Honey Bee Death: Declining Bee Populations

Plant to Attract Bees


An unknown ailment that has been decimating honeybee populations for several years shows no signs of disappearing this year. In fact it appears to be rapidly expanding, commercial beekeepers claim. With their populations cut nearly in half open pollination of crops and vegetable gardens are in jeopardy.

There is some evidence that a new class of pesticides known as neonicotinoids, a nicotine-derived pesticide, may be the culprit. Herbicides and fungicides are also suspect; their use has grown in recent years. Some fungicides are laced with regulators that inhibit insects from maturing.

Other researchers “are putting forward the theory that radiation given off by mobile phones and other hi-tech gadgets is a possible answer to one of the more bizarre mysteries ever to happen in the natural world – the abrupt disappearance of the bees that pollinate crops.

Yearly losses of 5 – 10 percent were once normal for beekeepers. But after the colony collapse disorder surfaced circa 2005, the losses have climbed to 1/3 and higher.

The U.S. Agriculture Department representative Jeff Pettis, said he was confident that the death rate would be much higher than it’s ever been. The Agriculture Department further states that a quarter of the U.S. Diet depends on honeybee pollination. Fewer bees mean smaller harvests and higher food prices at the grocery store. Fewer bees also pose a serious dilemma for Gardeners.

Honey Bees are essential for the transfer of pollen within a flower or between plants, Pollination is absolutely needed for vegetables to produce. With Leafy vegetables such as Lettuce and Spinach or Root crops such as carrots, radishes, beets – pollination is not an important factor. However, a vegetable grown for its fruit, or seeds such as squash, zucchini, pumpkins, melon, corn, etcetra – pollination is essential. Tomatoes and Peppers are open pollinators and can self-pollinate.

This could spell Agricultural disaster in the long run, short term- it’s a headache for gardeners.

Hand Pollination

  1. Identify the male and female flowers. It varies slightly from plant to plant but generally the female will have small fruits on the stem attached to the flower, the males do not. The small fruits shant develop without pollination.
    • If the small fruits appear to be dying on the vine, this is a sign of “fruit abortion” caused by inadequate pollination.
  2. If there are excessive male flowers you can pluck some from below the stem.
    • Peel back the petals to expose the pollen.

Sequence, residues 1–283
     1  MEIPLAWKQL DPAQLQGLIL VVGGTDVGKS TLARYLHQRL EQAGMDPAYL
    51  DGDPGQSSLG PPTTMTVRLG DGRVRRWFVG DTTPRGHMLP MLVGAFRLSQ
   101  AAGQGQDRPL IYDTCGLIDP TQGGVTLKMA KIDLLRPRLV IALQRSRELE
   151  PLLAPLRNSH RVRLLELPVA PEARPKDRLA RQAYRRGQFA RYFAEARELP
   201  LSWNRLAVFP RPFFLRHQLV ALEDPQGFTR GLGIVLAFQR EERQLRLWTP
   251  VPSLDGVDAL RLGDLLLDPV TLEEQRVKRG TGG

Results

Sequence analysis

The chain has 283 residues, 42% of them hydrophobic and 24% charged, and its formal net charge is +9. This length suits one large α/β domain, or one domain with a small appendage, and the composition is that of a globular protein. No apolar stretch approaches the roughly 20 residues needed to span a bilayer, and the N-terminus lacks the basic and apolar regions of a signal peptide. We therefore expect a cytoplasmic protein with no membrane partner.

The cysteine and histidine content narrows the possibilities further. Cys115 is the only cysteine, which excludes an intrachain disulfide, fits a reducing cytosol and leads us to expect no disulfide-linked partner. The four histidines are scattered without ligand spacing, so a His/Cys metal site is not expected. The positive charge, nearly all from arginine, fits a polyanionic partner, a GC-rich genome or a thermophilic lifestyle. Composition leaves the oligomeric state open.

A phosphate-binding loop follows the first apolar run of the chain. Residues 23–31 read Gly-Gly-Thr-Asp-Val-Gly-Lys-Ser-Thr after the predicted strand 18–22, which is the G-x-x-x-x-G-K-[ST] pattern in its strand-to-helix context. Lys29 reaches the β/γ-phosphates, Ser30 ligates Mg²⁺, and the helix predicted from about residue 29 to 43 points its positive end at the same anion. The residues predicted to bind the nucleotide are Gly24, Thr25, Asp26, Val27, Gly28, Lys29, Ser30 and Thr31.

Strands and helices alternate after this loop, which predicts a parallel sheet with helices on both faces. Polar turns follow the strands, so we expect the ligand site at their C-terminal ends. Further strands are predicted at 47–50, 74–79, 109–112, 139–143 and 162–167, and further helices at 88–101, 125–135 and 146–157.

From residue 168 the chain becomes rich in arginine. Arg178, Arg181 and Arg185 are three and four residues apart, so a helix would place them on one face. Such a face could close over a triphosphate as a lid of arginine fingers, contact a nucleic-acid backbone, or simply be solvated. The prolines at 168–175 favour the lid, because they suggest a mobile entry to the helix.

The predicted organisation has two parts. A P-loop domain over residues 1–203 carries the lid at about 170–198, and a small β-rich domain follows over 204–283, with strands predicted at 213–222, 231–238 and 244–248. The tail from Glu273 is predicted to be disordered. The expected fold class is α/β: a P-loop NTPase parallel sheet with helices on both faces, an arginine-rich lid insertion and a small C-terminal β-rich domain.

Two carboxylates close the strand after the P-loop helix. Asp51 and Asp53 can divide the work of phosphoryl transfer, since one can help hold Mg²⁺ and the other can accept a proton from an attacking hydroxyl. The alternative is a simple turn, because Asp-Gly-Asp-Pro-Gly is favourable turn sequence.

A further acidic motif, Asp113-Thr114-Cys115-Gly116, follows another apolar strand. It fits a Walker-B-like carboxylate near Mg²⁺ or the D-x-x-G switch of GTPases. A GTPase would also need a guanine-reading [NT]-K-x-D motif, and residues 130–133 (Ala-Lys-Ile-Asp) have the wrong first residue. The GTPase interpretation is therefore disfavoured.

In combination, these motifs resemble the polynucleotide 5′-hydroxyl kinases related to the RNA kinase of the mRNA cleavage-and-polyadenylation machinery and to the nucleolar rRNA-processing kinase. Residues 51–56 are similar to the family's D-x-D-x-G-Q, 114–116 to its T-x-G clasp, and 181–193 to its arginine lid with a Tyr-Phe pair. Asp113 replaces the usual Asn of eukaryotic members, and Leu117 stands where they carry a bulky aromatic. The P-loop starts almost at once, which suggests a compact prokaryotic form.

3. Gently dust pollen onto the pistils of the female flowers with the male stamen.
    • Another method is to use a very soft paint brush to do the same thing

See Indoor Pollination

Attracting Bees to your garden is also an option. Providing a floral smorgasbord, is the best way to ensure that what few bees there are visit your vegetable garden. Plant flowers, One herb/flower that acts like a magnet to beneficial bees and wasps is Borage it not only attracts pollinators, but also acts as a repellent to some unwanted insects such as the tomato horn worm and cabbage worms.

You also want to have a diversity of native flowering plants such as daisies and dandelions, which are are much more attractive than non-indigenous exotic varieties.

Larger groups of flowers act as a beacon, directing bees towards your yard and your vegetable garden. Blues and purple flowers are believed to attract Bees better than other colors. Plant ground cover such as clover, or creeping mint, the bees like the flowers.

Fruit trees in your yard are another attractant apples, peaches, cherries, and Nut Trees

Bees are susceptible to the same pesticides used against unwanted insects. Try to have a pesticide-free garden. If that is not feasible, only spray plants after dusk, when pollinators are less active.

Some eco-friendly pesticides such as Neem , is harmless to honey bees. It has to be ingested to be effective. Insects that don’t eat leaves are not effected, even when they eat the bugs that eat the leaves.

Studies seem to indicate that only intense build up of the plant toxins over extended periods of time can have any effects on bee colonies, and only minimal at that – 1987 Schmutterer and Holst